The Fading Memory of South Asia's Partition

The survivors of the largest mass migration in history are dying. One organization is scrambling to record their stories.
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Muslim refugees flee from New Delhi to Pakistan in 1947. (Wikimedia Commons)

This week, Indians and Pakistanis have been showering the night sky with fireworks, singing patriotic songs, and memorializing national heroes in observation of their respective independence days (Pakistan’s was Thursday, India’s Friday).

But the 67th birthday of the antagonistic South Asian neighbors is also the grim anniversary of their divorce in the partition of 1947, when the British hastily and arbitrarily divided up the landmass formerly known as India along religious lines while leaving behind their former colony. The new borders created roughly 14 million refugees as Muslims in India and Hindus in Pakistan found themselves on the wrong side of the line, in what some historians have called the largest mass migration in human history. Estimates vary, but hundreds of thousands of civilians died in the process.

The legacy of tension has persisted for nearly seven decades, but one thing people on both sides of the India-Pakistan border have shared is the memory of partition's trauma. Now, though, people who were children in 1947 are in their seventies and eighties, meaning that these common memories are fading. 

Guneeta Singh Bhalla hopes to preserve them. Born in India, Bhalla grew up hearing her grandmother recount fleeing Pakistan at independence. When Bhalla moved to the U.S. in middle school, she wondered why what her grandmother had called “an apocalypse” wasn’t covered in history classes alongside other important world events. On a trip to Hiroshima in college, Bhalla saw a memorial to the victims of the atomic bomb, with a collection of writings and videos from survivors. “That’s when it hit home,” Bhalla told me in an interview. “Watching these survivors talk about how their lives had completely turned upside down just for being at the wrong place at the wrong time made it real." She wanted to make partition real and understandable in the same way.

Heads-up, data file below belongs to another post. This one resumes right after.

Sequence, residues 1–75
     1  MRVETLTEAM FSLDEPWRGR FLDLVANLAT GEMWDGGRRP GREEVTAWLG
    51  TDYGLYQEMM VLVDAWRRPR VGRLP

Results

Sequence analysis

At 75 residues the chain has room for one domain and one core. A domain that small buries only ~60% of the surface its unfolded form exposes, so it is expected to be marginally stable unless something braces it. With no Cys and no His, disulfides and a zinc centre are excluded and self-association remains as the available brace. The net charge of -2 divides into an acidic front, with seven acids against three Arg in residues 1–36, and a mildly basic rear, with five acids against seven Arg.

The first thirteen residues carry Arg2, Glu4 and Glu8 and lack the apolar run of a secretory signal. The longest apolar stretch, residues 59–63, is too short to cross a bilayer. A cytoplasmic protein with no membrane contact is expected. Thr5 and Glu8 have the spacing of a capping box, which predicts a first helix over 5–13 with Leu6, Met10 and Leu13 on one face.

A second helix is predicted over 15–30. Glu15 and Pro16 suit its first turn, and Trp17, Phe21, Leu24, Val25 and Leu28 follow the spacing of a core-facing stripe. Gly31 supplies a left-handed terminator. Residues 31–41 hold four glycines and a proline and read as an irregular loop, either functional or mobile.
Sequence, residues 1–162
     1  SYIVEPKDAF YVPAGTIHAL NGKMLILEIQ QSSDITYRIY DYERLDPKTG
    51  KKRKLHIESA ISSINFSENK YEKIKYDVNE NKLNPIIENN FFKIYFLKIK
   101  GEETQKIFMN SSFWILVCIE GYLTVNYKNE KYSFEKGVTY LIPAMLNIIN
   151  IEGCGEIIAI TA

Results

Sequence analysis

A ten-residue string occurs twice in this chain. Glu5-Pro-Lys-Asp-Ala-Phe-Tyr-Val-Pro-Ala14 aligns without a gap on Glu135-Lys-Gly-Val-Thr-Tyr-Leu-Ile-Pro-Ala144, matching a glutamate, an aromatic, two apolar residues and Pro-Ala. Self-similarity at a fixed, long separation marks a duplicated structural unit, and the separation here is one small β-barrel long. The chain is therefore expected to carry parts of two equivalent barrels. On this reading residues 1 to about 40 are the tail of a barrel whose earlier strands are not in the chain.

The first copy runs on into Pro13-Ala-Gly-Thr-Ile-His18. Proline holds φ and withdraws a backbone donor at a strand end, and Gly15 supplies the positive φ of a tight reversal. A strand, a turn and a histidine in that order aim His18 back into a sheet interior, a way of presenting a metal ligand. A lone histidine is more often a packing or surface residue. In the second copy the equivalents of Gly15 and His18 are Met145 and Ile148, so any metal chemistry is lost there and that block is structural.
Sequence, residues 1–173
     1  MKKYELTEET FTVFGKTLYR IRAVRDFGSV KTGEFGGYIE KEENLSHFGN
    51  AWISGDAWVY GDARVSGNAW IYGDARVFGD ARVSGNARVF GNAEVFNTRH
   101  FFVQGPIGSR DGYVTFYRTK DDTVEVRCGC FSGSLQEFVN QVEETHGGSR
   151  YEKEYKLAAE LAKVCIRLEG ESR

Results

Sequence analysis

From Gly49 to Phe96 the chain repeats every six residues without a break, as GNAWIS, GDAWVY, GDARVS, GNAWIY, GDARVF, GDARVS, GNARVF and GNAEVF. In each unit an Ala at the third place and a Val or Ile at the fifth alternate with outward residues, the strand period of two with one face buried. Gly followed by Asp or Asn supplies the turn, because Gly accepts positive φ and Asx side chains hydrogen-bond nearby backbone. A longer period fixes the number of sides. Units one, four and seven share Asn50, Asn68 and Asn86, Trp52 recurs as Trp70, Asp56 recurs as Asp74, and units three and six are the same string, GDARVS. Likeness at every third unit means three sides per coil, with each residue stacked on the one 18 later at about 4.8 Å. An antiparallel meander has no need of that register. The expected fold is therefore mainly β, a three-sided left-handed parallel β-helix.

Thus was born the 1947 Partition Archive, a library of videos and audio clips capturing the memories of migrants who crossed the subcontinent's new borders during partition. Sukhmander Singh, who was in second grade at the time, recounts memories of “fear ... apprehension, not knowing what was going to happen,” and visiting empty houses where Muslims had lived in his village, which ended up on the Indian side of the border. "One Muslim boy was my friend. ... We were together in the same class, you know? And he never showed up, but where did he go? We don't know."

Shane Ali recounts learning to forgive after watching a man shoot his mother and brother. "I forgive ... the evil people who killed my family," he says. "My own thinking is, just love everyone, hate no one."

The subcontinent's demographics are making these kinds of stories increasingly rare. The populations of both India and Pakistan are among the youngest in the world: 29.9 percent of Indians and 33.8 percent of Pakistanis are under the age of 14. This does not mean suspicion has faded on the subcontinent, however; 80 percent of Indians still view Pakistan as a very serious threat. For their part, only 13 percent of Pakistanis hold a favorable view of India.

But Bhalla, who is in her mid-30s, notes the enduring lesson of partition for people who never experienced it firsthand. “We are pretty lucky to be living in a time and a place where it’s not so fragile that you have to up and leave your house and everything behind because of total chaos that is beyond our control.”

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Tanya Basu writes for and produces The Atlantic's National Channel.

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